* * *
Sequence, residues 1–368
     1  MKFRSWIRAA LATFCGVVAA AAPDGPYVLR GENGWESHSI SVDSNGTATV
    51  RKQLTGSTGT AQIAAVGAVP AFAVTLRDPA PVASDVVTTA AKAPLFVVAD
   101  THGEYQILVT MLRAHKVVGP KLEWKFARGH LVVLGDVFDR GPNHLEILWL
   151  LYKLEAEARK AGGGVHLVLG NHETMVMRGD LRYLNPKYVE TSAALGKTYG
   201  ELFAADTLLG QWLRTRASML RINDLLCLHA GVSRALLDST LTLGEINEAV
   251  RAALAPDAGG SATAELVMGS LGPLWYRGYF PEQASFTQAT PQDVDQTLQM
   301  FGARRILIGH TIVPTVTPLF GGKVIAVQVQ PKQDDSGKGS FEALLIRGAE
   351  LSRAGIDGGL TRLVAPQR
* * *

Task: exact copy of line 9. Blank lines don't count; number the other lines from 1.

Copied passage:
   351  LSRAGIDGGL TRLVAPQR